World-changing events 2

 On March 29, local elections will be held in Turkey. If the current government wins these municipal races, especially in Ankara and Istanbul, the country will be encouraged to go even further down the road toward Islamic extremism. Whatever happens internally (where the nature of Turkish society forces it to go more slowly), Ankara’s foreign policy is increasingly aligned with that of the radicals in the region – not only Hamas but also Syria and Iran.

Turkey’s many friends are hoping that moderation and its traditional political virtues win out. But what’s happening there may well be the most important political event in the Middle East since the Iranian revolution 30 years ago. Think of what it means if, in whole or even in part, Turkey goes from the Western to the radical camp; clearly this is a world-changing event.

Then on June 7 come the Lebanese elections. Given the vast amounts of money they have spent, their use of violent intimidation and demoralization due to the Western abandonment of the moderates, it is likely that Iran’s Syrian clients will take over Lebanon’s government. This does not mean domination by Hizbullah but by four allied forces: pro-Syrian Sunni politicians; Michel Aoun’s Christian forces; and the two Shi’ite groups, Hizbullah and Amal.

Already, Lebanon’s president and former armed forces’ commander Michel Suleiman is very close to the Iran-Syrian orbit. This doesn’t mean that Lebanon will be annexed or militarily reoccupied by Syria, or that Lebanon will become an Islamist state internally. But it does mean that Lebanon will become a reliable ally of what Syrian President Bashar Assad calls "the resistance front."

In the region, these two developments will be perceived as two big victories for Teheran, and a sign that the Islamist-radical side is the wave of the future.

And what is the United States doing to fight, stop or manage this visible crisis?

Nothing.

Finally, on June 12, presidential elections will take place in Iran itself. The likelihood is the reelection of President Mahmoud Ahmadinejad, either fairly or through manipulation of the ballot. The Iranian ruling establishment, which might have been persuaded to endorse a less extreme candidate if there had been enough Western pressure to make the incumbent look bad, has backed an openly aggressive anti-Semite.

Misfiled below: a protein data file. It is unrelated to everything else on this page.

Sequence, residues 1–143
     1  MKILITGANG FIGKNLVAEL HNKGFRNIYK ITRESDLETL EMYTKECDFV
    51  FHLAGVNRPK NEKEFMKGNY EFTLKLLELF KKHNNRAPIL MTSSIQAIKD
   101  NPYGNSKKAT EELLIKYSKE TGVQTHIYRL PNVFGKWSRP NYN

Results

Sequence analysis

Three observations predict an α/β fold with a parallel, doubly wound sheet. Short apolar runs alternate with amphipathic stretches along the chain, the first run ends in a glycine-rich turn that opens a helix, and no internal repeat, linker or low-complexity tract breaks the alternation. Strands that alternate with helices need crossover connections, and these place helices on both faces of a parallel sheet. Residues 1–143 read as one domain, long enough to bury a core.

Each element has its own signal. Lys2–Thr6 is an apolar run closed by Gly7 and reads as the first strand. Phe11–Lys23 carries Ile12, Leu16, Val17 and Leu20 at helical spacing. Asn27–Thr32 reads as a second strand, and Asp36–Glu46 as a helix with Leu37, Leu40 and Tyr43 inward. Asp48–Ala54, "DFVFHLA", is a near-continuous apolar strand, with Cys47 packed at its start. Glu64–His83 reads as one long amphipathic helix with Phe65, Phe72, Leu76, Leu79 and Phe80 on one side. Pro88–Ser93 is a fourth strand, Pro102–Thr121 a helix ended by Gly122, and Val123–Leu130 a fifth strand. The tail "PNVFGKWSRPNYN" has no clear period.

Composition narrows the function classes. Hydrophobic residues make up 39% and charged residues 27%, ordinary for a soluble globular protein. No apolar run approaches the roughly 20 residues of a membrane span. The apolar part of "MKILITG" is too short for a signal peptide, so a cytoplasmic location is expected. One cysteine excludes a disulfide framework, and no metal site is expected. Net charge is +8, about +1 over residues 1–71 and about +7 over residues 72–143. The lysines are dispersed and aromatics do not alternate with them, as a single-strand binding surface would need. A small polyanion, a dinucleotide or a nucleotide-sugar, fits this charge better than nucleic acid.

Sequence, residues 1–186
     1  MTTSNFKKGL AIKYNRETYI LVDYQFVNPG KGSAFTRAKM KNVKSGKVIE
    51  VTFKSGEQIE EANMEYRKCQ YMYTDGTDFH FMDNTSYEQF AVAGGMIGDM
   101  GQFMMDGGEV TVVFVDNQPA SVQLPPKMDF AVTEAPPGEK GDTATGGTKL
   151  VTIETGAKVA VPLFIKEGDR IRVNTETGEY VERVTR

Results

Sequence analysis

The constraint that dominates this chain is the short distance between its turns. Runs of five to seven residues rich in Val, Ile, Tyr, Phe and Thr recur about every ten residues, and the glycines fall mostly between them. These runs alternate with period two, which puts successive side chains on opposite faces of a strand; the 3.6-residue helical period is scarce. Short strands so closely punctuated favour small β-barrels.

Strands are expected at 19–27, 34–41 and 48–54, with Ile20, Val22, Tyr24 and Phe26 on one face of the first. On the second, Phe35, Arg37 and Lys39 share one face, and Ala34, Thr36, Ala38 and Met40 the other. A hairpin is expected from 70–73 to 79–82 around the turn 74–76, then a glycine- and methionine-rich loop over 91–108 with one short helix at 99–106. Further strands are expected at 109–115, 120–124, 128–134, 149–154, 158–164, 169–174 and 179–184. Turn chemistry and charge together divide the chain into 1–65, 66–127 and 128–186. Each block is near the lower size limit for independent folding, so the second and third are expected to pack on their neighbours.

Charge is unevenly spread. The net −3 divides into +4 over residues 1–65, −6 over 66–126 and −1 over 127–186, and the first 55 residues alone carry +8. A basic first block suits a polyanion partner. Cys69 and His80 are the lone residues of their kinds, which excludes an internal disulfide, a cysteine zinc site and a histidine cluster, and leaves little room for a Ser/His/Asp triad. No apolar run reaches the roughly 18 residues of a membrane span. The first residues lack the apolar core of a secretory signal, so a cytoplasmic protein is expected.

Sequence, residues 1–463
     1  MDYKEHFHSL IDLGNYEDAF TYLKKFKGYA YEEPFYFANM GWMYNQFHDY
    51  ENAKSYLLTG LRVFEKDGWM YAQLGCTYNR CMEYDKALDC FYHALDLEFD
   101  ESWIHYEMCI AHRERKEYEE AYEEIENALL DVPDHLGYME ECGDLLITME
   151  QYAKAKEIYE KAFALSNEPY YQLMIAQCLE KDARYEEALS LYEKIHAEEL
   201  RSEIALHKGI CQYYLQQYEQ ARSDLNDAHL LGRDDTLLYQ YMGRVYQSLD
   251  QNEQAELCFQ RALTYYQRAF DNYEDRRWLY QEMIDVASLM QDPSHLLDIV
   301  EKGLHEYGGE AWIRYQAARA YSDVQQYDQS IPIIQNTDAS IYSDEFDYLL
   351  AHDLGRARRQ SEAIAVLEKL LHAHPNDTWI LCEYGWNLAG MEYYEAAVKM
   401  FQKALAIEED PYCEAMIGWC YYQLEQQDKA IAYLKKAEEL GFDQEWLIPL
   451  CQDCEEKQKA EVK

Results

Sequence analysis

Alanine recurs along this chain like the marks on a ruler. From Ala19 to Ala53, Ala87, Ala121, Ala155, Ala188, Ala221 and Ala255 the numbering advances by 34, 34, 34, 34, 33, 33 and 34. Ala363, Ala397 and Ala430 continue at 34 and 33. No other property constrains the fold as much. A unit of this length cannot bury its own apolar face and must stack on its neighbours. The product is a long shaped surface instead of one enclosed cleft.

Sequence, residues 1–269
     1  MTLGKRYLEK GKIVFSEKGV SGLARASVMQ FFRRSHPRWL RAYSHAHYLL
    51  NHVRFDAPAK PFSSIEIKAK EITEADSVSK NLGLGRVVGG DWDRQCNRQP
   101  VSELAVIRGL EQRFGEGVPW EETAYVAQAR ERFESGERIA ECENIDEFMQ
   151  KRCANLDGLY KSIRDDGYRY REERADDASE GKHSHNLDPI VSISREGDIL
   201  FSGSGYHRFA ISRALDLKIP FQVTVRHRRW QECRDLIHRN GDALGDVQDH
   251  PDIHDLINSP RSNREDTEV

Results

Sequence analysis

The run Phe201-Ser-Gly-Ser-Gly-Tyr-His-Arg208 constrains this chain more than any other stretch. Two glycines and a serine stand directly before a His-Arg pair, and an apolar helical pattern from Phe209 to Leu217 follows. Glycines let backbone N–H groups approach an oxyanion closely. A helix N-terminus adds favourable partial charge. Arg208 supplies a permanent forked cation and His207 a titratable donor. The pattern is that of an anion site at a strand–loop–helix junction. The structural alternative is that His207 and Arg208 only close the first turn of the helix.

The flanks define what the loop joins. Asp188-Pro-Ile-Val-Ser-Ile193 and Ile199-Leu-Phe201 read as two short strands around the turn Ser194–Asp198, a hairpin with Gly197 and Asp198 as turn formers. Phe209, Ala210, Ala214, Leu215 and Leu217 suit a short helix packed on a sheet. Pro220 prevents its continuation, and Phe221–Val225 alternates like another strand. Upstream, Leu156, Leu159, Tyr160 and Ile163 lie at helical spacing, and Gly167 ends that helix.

Even though Ahmadinejad is not the real ruler of Iran, he and his allies are working to make him so. And of course his reelection means not only that Iran is waging a campaign to get nuclear weapons, it will mean that it is moving at the fastest possible speed, with the least likelihood of compromising and the most probability of using such a weapon (or forcing Israel to act militarily to stop the process). By years’ end, or shortly after, Iran might have an atom bomb.

In short, 2009 is looking like a year of massive defeat for the US and its friends in the Middle East. Meanwhile, Washington is blind to this trend, pursuing a futile attempt to conciliate its enemies, losing time and not adopting the policies desperately needed.

The only point in this article by Barry Rubin – all of which is worth reading – with which we take issue is his assumption that the new US administration is merely blind or mistaken in pursuing policies that will strengthen the ‘Islamist-radical side’.

How long will it take, how much more of the same must Obama and the Democrats do, before the understanding breaks over the US electorate and the Western world in general that they mean to strengthen the (up until now) Islamic enemy, weaken the West, diminish individual freedom, and make the population dependent on government. The end of prosperity is the beginning. Next comes the end of liberty. Finally, the enemy wins.

Posted under Commentary by Jillian Becker on Tuesday, February 24, 2009

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